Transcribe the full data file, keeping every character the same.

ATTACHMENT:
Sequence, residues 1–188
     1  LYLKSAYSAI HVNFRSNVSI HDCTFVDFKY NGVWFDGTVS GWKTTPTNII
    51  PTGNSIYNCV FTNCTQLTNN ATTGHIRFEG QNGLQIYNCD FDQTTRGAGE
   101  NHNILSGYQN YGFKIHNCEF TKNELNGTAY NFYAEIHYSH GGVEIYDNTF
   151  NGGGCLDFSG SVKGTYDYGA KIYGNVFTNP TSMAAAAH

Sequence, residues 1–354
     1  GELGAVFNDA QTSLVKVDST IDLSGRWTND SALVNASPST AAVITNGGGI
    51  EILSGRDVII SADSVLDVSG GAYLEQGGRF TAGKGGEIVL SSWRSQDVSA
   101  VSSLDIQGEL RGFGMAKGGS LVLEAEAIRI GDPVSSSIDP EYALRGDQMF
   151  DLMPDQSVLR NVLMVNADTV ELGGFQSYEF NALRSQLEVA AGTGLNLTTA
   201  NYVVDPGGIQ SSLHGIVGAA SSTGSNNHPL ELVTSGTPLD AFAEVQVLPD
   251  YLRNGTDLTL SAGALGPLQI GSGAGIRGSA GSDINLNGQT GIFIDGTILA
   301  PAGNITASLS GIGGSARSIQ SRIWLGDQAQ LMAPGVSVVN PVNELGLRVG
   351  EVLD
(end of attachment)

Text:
Sequence, residues 1–188
     1  LYLKSAYSAI HVNFRSNVSI HDCTFVDFKY NGVWFDGTVS GWKTTPTNII
    51  PTGNSIYNCV FTNCTQLTNN ATTGHIRFEG QNGLQIYNCD FDQTTRGAGE
   101  NHNILSGYQN YGFKIHNCEF TKNELNGTAY NFYAEIHYSH GGVEIYDNTF
   151  NGGGCLDFSG SVKGTYDYGA KIYGNVFTNP TSMAAAAH

Sequence, residues 1–354
     1  GELGAVFNDA QTSLVKVDST IDLSGRWTND SALVNASPST AAVITNGGGI
    51  EILSGRDVII SADSVLDVSG GAYLEQGGRF TAGKGGEIVL SSWRSQDVSA
   101  VSSLDIQGEL RGFGMAKGGS LVLEAEAIRI GDPVSSSIDP EYALRGDQMF
   151  DLMPDQSVLR NVLMVNADTV ELGGFQSYEF NALRSQLEVA AGTGLNLTTA
   201  NYVVDPGGIQ SSLHGIVGAA SSTGSNNHPL ELVTSGTPLD AFAEVQVLPD
   251  YLRNGTDLTL SAGALGPLQI GSGAGIRGSA GSDINLNGQT GIFIDGTILA
   301  PAGNITASLS GIGGSARSIQ SRIWLGDQAQ LMAPGVSVVN PVNELGLRVG
   351  EVLD